Henry Kissinger, the former U.S. Secretary of State, has died at age 100 at his home in Connecticut.
A Jewish refugee from Nazi Germany, he reached the pinnacle of Washington political life as foreign secretary and national security adviser under two Republican presidents, Richard Nixon and Gerald Ford.
Kissinger was born in Germany in 1923 and fled to the United States with his family in 1938 to escape Nazi persecution. He graduated from Harvard College in 1950 and earned his MA and PhD degrees in international relations from Harvard University in 1951 and 1954, respectively. He became a professor of government at Harvard and founded a magazine called Confluence.
He was known for his Realpolitik approach to foreign policy, which emphasized national interests and power over ideology and morality. As a proponent of that political and diplomatic approach, he played a key role in shaping U.S. relations with the Soviet Union, China, the Middle East and Southeast Asia.
As Secretary of State, he was also a major force behind the 1973 ceasefire in the Vietnam War. He received the Nobel Peace Prize in 1973 for his efforts to bring it to an end, but he was also criticized for his involvement in controversial policies and events, such as the bombing of Cambodia, the coup in Chile, and the support for Pakistan during the Bangladesh War.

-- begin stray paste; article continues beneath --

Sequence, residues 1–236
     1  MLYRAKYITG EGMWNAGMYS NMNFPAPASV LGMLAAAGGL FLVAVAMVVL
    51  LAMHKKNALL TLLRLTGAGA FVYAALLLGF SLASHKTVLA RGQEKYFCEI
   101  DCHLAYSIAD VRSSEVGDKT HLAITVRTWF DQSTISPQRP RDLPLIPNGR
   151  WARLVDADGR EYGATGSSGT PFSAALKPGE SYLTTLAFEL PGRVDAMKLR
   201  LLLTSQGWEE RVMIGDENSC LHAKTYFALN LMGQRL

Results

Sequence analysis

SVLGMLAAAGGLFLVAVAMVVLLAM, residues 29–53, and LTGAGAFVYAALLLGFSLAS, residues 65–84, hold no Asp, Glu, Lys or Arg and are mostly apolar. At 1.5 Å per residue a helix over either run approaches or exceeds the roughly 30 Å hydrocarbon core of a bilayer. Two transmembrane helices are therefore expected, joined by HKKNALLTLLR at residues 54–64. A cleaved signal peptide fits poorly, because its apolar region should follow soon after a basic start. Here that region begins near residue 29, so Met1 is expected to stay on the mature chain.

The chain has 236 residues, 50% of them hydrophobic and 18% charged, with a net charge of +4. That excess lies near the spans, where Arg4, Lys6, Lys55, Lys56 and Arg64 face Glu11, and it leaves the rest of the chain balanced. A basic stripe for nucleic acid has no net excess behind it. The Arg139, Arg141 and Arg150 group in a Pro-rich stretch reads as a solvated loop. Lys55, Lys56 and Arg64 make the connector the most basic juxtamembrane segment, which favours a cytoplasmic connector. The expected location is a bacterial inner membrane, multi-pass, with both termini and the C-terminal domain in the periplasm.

Under Kissinger, the US opened up relations to China, which is considered one of his biggest achievements. He also supported détente, an easing of the rivalry with the Soviets.
In his later years, Kissinger — along with William Perry, Sam Nunn, and George Shultz — advocated for the reduction of nuclear weapons, and in three Wall Street Journal articles proposed a program of urgent steps to that end. The four created the Nuclear Security Project to advance this cause.
Kissinger continued to be influential in global affairs–indeed, he became the icon of American diplomacy– writing books, giving lectures and advising presidents on various issues. He also faced some challenges, such as his failed attempts to end colonialism and minority rule in southern Africa, and his controversial involvement in the 2016 U.S. presidential election.
He turned 100 years old in May 2023, making him the only surviving member of Nixon’s cabinet.